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On 30 September 2019, the Palace Museum and Chengdu Museum opened the jointly organized exhibition “Approaching the Chonghua Palace” in Chengdu Museum at Tianfu Square in Chengdu, Sichuan Province. The exhibition presents eighty-eight pieces (or sets, with a total of a hundred individual pieces) of art related to the Palace of Many Splendors (Chonghua gong) in the Forbidden City. Works on view include paintings, embroidery, thrones with decorative screens, gold and silver objects, ceramics, lacquers, enamels, and time pieces. The galleries are laid out according to the actual arrangement of the palatial courtyards of the Palace of Many Splendors area in the Forbidden City with four featured spaces: Hall of Esteem (Chongjing dian), Palace of Many Splendors, Hall of Halcyon Clouds (Cuiyun guan), and Studio of Cleansing Fragrance (Shufang zhai). While affording visitors a three-dimensional view of the imperial domicile, the exhibition gives insights into the daily life and spiritual world of the Qianlong Emperor (r. 1736–1795).
Located to the west of the Pavilion of One Thousand Autumns (Qianqiu ting) and the Imperial Garden (Yu huayuan), the Palace of Many Splendors (Chonghua gong) is a large palatial courtyard with three rows of structures (a design called sanjin) in which the imperial son Hongli resided before acceding the dragon throne as the Qianlong Emperor. During the prince’s residence, the title of the courtyard had not yet been promoted to the degree of “palace” (gong) and was designated the second of the Five Abodes of the Heavenly West (Qianxi wusuo), where imperial sons and grandsons resided. In 1727 (the fifth year of the Yongzheng reign, 1723–1735), the then seventeen-year-old Hongli moved into the abode and married his first wife Lady Fuca (1712–1748). In 1733 (eleventh year of Yongzheng), Hongli was appointed as the Prince of Bao (with a rank called heshuo qinwang, prince of the blood of the first degree), and his residence was called the Hall of Jubilant Uprightness (Leshan tang, later renamed the Hall of Esteem). Occupying the courtyard for a total of eight years, Hongli vacated the space when he became emperor and moved into the Hall of Mental Cultivation (Yangxin dian).
After the Qianlong Emperor began his reign, his previous residence was no longer made available for imperial sons or grandsons in order to prevent delusions of grandeur and inappropriate intentions for greater status. The courtyard title was changed from “abode” (suo) to “palace” (gong) with “Many Splendors” (chonghua) selected as a suitable descriptor from the account of Emperor Shun—whose given name was Chonghua—in “The Book of Yu” in The Classic of History (Shang shu, also known as The Book of Documents). In the account, Shun is praised as “…profound, wise, accomplished, and intelligent. He was mild and courteous, and truly sincere. The report of his mysterious virtue was heard on high…” (translated by James Legge) Comparing the Qianlong Emperor to Shun as a ruler with pure governance and virtue, the grand secretaries Ortai (1677–1745) and Zhang Tingyu (1672–1755) proposed the title, which would prove to hold deep significance in the emperor’s mind. He wrote in Record of the Palace of Many Splendors (Chonghua gong ji) about the seriousness of the title and how he worked sedulously for the good of his subjects.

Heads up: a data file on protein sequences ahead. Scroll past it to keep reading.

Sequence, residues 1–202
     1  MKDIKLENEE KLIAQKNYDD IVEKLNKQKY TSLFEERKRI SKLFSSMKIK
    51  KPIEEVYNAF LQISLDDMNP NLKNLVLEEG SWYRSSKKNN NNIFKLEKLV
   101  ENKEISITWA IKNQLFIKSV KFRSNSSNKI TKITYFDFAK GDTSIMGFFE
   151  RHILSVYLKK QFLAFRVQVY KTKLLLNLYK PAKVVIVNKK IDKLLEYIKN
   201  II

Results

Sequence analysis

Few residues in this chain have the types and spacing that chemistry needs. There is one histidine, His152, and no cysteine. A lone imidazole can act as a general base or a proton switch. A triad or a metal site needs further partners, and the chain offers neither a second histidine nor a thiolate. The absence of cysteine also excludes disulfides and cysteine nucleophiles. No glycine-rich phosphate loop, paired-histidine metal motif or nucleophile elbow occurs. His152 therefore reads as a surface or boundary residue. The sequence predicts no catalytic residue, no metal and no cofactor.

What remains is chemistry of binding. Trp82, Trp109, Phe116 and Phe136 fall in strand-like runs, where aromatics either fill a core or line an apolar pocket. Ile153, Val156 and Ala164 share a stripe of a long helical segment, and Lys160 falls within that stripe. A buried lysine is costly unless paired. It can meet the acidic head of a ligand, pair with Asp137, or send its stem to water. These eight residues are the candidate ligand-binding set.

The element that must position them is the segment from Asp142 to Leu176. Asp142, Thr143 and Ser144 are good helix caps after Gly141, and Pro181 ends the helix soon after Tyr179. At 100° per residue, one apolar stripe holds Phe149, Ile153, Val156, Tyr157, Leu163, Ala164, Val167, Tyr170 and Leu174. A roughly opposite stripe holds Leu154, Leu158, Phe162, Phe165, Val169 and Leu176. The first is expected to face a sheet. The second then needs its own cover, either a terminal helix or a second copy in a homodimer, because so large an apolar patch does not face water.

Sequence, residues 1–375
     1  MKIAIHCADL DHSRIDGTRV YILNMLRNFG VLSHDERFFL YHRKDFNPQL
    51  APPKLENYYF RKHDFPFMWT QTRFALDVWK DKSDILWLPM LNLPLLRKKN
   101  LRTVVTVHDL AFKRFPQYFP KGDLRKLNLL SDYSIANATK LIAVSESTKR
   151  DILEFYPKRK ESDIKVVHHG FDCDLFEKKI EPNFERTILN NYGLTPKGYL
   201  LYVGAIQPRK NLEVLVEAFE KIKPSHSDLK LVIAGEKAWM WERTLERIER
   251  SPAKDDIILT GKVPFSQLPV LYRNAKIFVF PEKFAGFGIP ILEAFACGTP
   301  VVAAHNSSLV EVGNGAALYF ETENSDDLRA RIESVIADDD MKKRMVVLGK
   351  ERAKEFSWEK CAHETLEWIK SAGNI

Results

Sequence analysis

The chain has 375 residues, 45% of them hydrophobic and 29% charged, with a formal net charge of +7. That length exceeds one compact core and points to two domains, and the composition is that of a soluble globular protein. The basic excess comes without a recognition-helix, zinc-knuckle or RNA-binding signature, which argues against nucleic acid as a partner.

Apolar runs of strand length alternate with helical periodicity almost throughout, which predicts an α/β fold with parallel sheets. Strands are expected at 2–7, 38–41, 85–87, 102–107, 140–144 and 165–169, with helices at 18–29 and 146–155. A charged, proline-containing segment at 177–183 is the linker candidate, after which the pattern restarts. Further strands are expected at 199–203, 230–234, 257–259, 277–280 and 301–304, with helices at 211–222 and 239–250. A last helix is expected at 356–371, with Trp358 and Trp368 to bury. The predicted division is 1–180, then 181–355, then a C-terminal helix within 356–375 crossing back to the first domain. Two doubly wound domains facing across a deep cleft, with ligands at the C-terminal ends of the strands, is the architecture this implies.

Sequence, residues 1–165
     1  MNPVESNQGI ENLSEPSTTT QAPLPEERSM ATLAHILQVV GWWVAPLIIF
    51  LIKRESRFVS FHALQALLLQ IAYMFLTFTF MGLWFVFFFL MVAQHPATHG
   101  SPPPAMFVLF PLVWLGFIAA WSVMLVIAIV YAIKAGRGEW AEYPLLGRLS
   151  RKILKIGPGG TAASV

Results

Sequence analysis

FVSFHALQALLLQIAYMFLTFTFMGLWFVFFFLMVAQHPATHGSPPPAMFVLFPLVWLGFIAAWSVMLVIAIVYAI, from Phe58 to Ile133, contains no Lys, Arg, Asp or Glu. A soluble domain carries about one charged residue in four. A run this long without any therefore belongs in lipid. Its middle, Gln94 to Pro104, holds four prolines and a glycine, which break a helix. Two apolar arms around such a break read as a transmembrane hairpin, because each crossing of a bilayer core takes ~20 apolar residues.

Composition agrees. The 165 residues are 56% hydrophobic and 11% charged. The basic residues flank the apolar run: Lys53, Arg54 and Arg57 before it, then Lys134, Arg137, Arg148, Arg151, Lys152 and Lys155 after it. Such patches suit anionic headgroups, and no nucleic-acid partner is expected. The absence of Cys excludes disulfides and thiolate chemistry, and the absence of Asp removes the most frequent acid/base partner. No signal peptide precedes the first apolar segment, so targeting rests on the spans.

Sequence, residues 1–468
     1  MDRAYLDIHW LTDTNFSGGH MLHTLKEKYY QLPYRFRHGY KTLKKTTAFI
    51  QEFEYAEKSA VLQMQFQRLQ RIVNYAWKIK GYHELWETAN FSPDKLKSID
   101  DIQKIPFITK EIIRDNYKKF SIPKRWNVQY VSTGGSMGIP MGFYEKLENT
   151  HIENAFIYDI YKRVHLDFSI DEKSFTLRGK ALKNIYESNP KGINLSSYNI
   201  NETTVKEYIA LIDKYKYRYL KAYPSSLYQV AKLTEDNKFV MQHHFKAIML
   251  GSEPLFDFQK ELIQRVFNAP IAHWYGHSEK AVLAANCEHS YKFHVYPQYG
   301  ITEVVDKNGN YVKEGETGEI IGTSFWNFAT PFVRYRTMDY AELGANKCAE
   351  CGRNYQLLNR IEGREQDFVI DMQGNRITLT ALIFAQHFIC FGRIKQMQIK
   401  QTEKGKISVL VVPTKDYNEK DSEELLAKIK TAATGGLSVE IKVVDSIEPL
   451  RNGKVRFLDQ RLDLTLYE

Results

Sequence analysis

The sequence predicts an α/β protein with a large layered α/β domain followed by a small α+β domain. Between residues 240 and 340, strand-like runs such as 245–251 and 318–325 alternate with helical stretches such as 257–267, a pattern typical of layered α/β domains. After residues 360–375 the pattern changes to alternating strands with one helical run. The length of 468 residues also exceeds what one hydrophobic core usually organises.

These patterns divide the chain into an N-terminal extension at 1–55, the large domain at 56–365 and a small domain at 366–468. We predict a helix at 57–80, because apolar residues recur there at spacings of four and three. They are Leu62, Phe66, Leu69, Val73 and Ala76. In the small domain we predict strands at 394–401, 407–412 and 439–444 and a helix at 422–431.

After the establishment of the Palace Museum, the administration decided against opening the area of the Palace of Many Splendors to the public due to the narrow space of the courtyard. Following the founding of the People’s Republic of China, its structures were renovated and used to entertain important guests. Consequently, the outside world has had mere hints of the courtyard’s appearance through pictures and videos. The Palace Museum’s VR reconstruction of the period décor has allowed additional glimpses into the historic area. Beginning in 2018, the courtyard has been subject to a large-scale restoration, which required the removal of all its cultural artifacts. The curators at the Museum have taken this opportunity to introduce the Palace of Many Splendors to the world. In September 2018, the exhibition “From the Forbidden City: Imperial Apartments of Qianlong” opened at the Acropolis Museum in Athens, Greece. Having received a warm welcome by the Greek public, the exhibition is remembered fondly as “the Qianlong Emperor moving into the Acropolis.” Following the related exhibition “Son of Heaven in the Heyday: Exhibition of the Qianlong Emperor in the Qing Dynasty” at the West Lake Gallery in the Zhejiang Provincial Museum, the exhibition in Chengdu is a rare chance for visitors in China to experience the secluded courtyard; in fact, it is the first domestic exhibition with the exclusive “Palace of Many Splendors” theme. During the week-long National Day vacation at the beginning of October, Chengdu Museum welcomed 180,000 visitors in an unprecedented bustle of tourism.
Translated and edited by Adam J. Ensign and Zhuang Ying